The Vision (11.3.23): What hast thou done?


Note: Devotional based on last Sunday's sermon on Genesis 4:1-15.

And [the LORD] said, What hast thou done? the voice of thy brother’s blood crieth unto me from the ground (Genesis 4:10).

We see the same pattern here as in Genesis 3. Just as God came and walked in the cool of the day and found out Adam’s sin, so he comes and finds out Cain’s sin.

We can run from God, but we cannot hide. As Moses said to the Israelites in Numbers 32:23, “and be sure your sin will find you out.”

To Adam God said, “Where art thou?” (3:9). To Cain he says, “Where is Abel thy brother?” (4:9).

If Genesis 3 shows the breaking of the first table of the law (man’s duty to God), Genesis 4 shows the breaking of the second table of the law (man’s duty to his fellow man). We are all, in truth, guilty of trespassing both!

Cain famously replies, trying to hide his sin, “Am I my brother’s keeper?” (v. 9b). John Currid writes:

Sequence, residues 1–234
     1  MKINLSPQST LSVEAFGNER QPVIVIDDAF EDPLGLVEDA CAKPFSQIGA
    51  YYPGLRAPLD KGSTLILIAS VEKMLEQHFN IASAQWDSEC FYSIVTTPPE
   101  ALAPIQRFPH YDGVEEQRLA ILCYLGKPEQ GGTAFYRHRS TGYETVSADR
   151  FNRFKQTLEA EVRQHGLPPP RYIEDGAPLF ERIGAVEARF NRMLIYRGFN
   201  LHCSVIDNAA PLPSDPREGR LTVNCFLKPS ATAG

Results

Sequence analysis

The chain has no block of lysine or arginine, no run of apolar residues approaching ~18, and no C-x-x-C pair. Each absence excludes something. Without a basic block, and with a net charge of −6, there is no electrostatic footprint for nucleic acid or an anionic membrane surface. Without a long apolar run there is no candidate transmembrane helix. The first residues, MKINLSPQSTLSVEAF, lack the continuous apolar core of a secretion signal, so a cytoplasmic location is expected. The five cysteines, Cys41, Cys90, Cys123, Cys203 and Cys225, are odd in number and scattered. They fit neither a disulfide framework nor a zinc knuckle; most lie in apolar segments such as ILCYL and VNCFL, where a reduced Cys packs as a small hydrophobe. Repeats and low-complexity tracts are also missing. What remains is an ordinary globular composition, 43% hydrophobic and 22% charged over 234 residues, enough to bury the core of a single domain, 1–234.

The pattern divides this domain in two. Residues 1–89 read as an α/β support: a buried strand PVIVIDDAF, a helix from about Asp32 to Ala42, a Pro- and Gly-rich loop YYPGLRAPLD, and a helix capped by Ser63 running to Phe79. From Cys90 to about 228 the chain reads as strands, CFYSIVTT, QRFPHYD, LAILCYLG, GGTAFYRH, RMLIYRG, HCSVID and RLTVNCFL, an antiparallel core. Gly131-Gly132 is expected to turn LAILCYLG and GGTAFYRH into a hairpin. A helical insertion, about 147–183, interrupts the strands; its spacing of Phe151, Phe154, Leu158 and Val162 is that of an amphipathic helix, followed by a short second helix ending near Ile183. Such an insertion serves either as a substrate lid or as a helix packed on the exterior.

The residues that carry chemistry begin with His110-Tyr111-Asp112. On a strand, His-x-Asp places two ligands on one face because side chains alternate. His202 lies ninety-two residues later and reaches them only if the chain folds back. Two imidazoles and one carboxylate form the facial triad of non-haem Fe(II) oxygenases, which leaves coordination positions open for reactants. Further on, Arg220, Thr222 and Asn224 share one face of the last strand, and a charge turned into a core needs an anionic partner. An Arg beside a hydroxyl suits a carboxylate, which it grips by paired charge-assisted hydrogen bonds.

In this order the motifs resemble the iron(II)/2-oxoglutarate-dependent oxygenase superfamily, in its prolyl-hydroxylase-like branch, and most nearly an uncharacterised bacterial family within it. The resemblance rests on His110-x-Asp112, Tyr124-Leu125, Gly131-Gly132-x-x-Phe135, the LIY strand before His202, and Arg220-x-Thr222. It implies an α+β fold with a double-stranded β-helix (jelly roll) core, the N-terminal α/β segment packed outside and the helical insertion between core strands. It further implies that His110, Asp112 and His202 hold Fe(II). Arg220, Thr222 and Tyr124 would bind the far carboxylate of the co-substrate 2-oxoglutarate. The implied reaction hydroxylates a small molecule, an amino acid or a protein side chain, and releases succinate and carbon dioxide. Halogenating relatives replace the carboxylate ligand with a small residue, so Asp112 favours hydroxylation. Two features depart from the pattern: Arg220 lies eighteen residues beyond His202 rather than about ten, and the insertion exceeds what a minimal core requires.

This is a figure of speech used here to emphasize a sense of indignant refusal. What a bold, defiant, and rebellious response! Instead of fearing God, Cain questions him. The irony is that the true answer is positive: one is indeed to keep one’s brother (Genesis, Vol. 1, 147).

This same commentator notes that seven times in this passage, Abel is referred to as “brother” (vv. 2, 8, 9, 10, 11), but the term is never used of Cain (147).

The LORD then confronts Cain with another question in v. 10a: “What hast thou done?” This is similar to God’s question of Eve in Genesis 3:13, “What is it thou hast done?” Is God ignorant of what has happened? Of course not. He does not ask to furnish his own knowledge but to prick the conscience of the transgressor.

 This is the question of a righteous God to sinful man, “What hast thou done?” He continues to ask this question of each of us, pushing us to the end of ourselves so that we might find refuge in Christ alone.

Grace and peace, Pastor Jeff Riddle